Options for Black vs. 1.d4

Options for Black vs. 1.d4

| 30 | Opening Theory

ChessPaladin2009 asks:

The subject of my question to you is: when White opens with the Queen Pawn, what are black’s best defensive opening option(s)? Some people say that Queen Pawn Openings always lead to positional chess games that often lack any kind of sharp tactical play (closed rather than open positions). Is this true?

Dear Mr. Paladin,

Though it’s true that 1.d4 usually leads to more positional games than 1.e4 (since 1.d4 leads to more closed positions than 1.e4), that doesn’t mean the play isn’t sharp and filled with fascinating tactical possibilities.

Regarding openings for Black versus 1.d4, this depends on what you’re after. If you are looking for chances for a kingside attack and an abundance of rich tactical themes, then the King’s Indian Defense (1.d4 Nf6 2.c4 g6 3.Nc3 Bg7 4.e4 d6) might well be for you. Hypermodern central counterattacks (i.e., let White build up a big pawn center and then try to rip it apart) are what the Grunfeld (1.d4 Nf6 2.c4 g6 3.Nc3 d5) is all about. Both the KID and the Grunfeld are theoretical monsters, so that’s another consideration when deciding to pick or avoid any particular opening.

However, you mentioned “defensive opening options,” so let’s look in that direction. I recommended the Queen’s Gambit Declined (1.d4 d5 2.c4 e6 3.Nc3 Nf6 4.Bg5 Be7 5.e3 0-0 6.Nf3 h6 7.Bh4 b6) in an earlier Q & A. This is an extremely solid, sound, and easy to learn choice. Fans of this system for Black are/were Short, Boris Spassky, Kasparov, Hubner, Portisch, Geller, Tartakower (in fact, this line is named the Tartakower Variation!), Fischer, Petrosian and the list goes on and on. 



Nevertheless, here I’ll give a huge plug to the eternally great Nimzo/Queen’s Indian complex:

1.d4 Nf6 2.c4 e6 3.Nc3 Bb4 (the Nimzo-Indian) is a deeply respected opening that grants Black space (he can follow up with …c5 and/or …d5), a good pawn structure (he will often ruin white’s with …Bxc3+), and easy development. White can meet 3…Bb4 with a host of moves: 4.e3, 4.Qc2, 4.Bg5, 4.f3, 4.a3, 4.Qb3, 4.Nf3, and 4.g3. A bit much perhaps, but white’s best choices are clearly 4.e3 and 4.Qc2.

In the case of 4.e3, Black has a large choice of setups (that’s one of the delights of the Nimzo-Indian – Black can often choose among many attractive piece and pawn configurations). My childhood favorite was 1.d4 Nf6 2.c4 e6 3.Nc3 Bb4 4.e3 c5 5.Bd3 d5 6.Nf3 O-O 7.O-O Nc6 8.a3 Bxc3 9.bxc3 dxc4 10.Bxc4 Qc7 11.Bd3 e5. Spassky was this system’s biggest advocate and I fell in love with black’s free piece play and space. However, things aren’t so simple: in return for that space, White has two Bishops and a central pawn majority that he will try to set in motion. In other words, both sides have chances! Here’s one sample of this line.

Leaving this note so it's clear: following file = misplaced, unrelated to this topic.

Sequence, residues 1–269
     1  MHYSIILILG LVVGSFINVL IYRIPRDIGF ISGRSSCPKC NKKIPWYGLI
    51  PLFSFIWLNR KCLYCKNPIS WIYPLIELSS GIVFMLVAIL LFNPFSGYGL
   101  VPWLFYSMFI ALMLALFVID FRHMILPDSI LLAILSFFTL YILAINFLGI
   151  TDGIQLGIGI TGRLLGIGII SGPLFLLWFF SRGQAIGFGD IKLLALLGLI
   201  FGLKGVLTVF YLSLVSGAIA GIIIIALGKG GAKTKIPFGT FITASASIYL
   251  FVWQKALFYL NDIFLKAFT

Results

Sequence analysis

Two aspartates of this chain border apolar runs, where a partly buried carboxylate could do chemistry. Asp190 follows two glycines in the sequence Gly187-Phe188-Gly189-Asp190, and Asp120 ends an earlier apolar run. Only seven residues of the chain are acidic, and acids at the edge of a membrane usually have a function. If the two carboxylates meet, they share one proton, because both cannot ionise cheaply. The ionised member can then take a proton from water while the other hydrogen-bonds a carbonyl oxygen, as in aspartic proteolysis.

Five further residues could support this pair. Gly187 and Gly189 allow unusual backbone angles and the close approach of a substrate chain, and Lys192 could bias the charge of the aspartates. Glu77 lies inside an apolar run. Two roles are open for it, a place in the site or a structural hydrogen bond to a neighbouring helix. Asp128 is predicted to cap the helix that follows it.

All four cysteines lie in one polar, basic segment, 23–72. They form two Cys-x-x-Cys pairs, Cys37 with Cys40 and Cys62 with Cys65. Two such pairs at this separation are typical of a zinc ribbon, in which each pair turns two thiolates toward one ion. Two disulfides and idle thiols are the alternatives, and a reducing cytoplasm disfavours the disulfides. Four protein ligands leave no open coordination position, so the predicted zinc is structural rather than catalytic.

J.Dive - B.Spassky, NZL 1988

1.d4 Nf6 2.c4 e6 3.Nc3 Bb4 4.e3 c5 5.Bd3 d5 6.Nf3 O-O 7.O-O Nc6 8.a3 Bxc3 9.bxc3 dxc4 10.Bxc4 Qc7 11.Bd3 e5 12.Qc2 Re8 13.dxe5 Nxe5 14.Nxe5 Qxe5 15.f3 Be6 16.Rf2 c4 17.Bf1 b5 18.Bd2 Nd7 19.e4 f5 20.Be3 fxe4 21.Bd4 Qc7 22.Qxe4 Nc5 23.Qe5 Qxe5 24.Bxe5 Rad8 25.f4 g6 26.h3 a6 27.Kh2 h5 28.Kg1 Kf7 29.Kh2 Rd7 30.Re1 Bf5 31.Ra1 Bd3 32.Re1 h4 33.Ra2 Bxf1 34.Rxf1 Rd3 35.Bd4 Ne4 36.Rc2 Ke6 37.Be5 Red8 38.Bd4 Kf5 39.Kg1 R8xd4 40.cxd4 c3 41.Rf3 Rd1+ 42.Kh2 Ng3 43.Rxg3 hxg3+ 44.Kxg3 Rd3+ 45.Kf2 a5 46.Re2 b4 47.axb4 axb4 48.Re5+ Kf6 49.Rc5 b3 50.Ke2 Rg3 51.Kf2 b2, 0-1.



Another highly popular setup for Black occurs in the Hubner Variation: 1.d4 Nf6 2.c4 e6 3.Nc3 Bb4 4.e3 c5 5.Nf3 Nc6 6.Bd3 Bxc3+ 7.bxc3 d6. Black intends to follow up with …e5, creating a closed position that will turn white’s Bishops into a liability and black’s Knights into heroes. This plan proved so effective that Black seemed to be winning almost every game!

Spassky - Fischer, Reykjavik World Ch. Match 1972

1.d4 Nf6 2.c4 e6 3.Nc3 Bb4 4.Nf3 c5 5.e3 Nc6 6.Bd3 Bxc3+ 7.bxc3 d6 8.e4 e5 9.d5 Ne7 10.Nh4 h6 11.f4

Donner – Portisch, Skopje Olympiad 1972 was another devastating black victory: 11.f3 Qa5 12.Qc2 g5 13.Nf5 Nxf5 14.exf5 Bd7 15.h4 g4 16.fxg4 Nxg4 17.Be2 Rg8 18.Bxg4 Rxg4 19.Bxh6 Bxf5 20.Qxf5 Qxc3+ 21.Kf2 Qb2+ 22.Ke3 Rxg2, 0-1.